Sunday, 4 July 2010

Written in the stars

The Sicilian Dragon is a very popular opening, especially with junior players and I'm convinced this has a lot to do with its name (rather than soundness). It has a such a aggressive and scary name that it just jumps off the page of any opening manual. However the source of the name is a mystery to most, with the explanation concerning the pawn structure looking like a "dragon" being only half correct (as it is a bit of a stretch to construct a dragon from 5 pawns)
In fact the pawn structure looks like the constellation Draco, which is the latin word for Dragon. This was then transferred to the chess opening, as it is easier to construct a vague arrangement of stars that might look like dragon out of 5 pawns than to build a real one.
Via this circular route comes a very brief game where White loses a bishop in only 12 moves. The connection to this topic is due to the fact that the path of bishop during the game resembles "Ursa Major" (or the "Big Dipper"). Having completed the outline of the "saucepan", the bishop is lost due to a threat of mate on f2.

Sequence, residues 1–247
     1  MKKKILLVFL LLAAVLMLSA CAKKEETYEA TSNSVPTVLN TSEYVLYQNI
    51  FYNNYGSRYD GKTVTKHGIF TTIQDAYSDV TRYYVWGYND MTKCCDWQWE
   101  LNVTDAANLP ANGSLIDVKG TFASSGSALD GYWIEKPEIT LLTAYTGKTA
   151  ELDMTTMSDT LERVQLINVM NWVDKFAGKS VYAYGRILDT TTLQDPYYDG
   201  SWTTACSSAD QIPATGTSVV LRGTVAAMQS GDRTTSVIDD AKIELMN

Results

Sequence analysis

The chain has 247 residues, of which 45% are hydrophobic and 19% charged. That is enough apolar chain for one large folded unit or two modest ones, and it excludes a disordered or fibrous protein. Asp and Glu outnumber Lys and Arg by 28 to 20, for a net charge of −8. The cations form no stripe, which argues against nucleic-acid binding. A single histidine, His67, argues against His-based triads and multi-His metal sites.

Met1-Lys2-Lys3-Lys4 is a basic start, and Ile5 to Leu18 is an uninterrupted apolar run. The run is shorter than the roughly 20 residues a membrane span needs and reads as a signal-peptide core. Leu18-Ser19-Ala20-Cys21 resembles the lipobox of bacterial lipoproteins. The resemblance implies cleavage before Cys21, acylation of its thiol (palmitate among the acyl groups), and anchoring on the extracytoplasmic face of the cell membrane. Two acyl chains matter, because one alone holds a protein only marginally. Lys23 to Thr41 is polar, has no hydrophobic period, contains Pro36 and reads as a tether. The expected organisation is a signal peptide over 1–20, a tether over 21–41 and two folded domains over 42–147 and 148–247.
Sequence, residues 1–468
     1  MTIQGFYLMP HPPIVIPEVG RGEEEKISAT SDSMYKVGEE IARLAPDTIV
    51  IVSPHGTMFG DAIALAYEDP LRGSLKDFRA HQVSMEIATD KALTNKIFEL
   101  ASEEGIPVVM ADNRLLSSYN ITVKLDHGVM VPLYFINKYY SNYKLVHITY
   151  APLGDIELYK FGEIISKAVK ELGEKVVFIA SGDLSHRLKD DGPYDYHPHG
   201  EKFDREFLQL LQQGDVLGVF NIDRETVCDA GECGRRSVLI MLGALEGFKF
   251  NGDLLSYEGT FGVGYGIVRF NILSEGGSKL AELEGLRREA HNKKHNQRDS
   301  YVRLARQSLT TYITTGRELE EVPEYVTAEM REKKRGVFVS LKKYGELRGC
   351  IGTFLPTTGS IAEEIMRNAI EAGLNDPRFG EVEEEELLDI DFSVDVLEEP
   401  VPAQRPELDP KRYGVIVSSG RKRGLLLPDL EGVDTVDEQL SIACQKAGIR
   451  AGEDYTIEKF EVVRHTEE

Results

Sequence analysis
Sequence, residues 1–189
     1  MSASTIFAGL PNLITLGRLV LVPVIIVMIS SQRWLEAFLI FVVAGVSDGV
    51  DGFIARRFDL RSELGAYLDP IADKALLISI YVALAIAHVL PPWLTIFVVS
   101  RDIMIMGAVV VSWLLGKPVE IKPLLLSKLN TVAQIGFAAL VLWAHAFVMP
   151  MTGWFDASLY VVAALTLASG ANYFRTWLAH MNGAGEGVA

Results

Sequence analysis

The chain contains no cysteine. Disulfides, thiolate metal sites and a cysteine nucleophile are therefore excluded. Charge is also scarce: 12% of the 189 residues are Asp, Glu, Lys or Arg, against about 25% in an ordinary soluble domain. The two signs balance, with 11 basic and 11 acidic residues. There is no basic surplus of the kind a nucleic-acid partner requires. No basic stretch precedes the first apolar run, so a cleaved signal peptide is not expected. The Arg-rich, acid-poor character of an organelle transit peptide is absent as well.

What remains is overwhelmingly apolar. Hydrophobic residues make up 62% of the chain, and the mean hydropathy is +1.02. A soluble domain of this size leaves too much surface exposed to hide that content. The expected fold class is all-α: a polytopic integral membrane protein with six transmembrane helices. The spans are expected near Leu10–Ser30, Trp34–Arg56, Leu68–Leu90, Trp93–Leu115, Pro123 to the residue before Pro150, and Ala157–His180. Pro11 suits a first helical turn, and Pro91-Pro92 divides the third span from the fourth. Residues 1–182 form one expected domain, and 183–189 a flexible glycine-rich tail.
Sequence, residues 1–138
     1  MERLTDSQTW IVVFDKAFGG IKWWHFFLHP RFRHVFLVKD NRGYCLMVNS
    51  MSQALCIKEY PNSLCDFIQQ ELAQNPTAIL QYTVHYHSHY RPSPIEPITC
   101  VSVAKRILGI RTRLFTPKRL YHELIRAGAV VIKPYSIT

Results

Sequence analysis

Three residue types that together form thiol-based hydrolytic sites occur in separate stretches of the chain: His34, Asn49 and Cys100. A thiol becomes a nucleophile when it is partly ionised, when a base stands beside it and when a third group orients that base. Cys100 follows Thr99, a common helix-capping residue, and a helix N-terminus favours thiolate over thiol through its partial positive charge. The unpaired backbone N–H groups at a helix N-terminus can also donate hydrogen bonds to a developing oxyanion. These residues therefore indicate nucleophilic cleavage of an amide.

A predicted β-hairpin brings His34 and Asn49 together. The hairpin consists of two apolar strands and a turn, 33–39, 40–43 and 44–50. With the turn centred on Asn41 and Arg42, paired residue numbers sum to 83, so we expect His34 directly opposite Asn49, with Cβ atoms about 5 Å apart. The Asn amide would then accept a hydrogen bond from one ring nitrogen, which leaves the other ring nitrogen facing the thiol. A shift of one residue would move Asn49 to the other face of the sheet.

Abt - Inkol [C24] Ontario, 1979

1.e4 e5 2.d4 exd4 3.Bc4 Nf6 4.e5 d5 5.Bb3 Ne4 6.Nf3 Bb4+ 7.Nbd2 0-0 8.Nxd4 Bxd2+ 9.Bxd2 c5 10.Nf3 c4 11.Ba4 b5 12.Bxb5 Qb6 0-1

2 comments: said...

Cute little trap Shaun. I play something similar as white, so I'll need to be wary of this in the future!

Anonymous said...

all the opening theory is now quite scary to confront, especially if you've made a conscious decision to focus on other parts of the game in order to improve your chess. Peter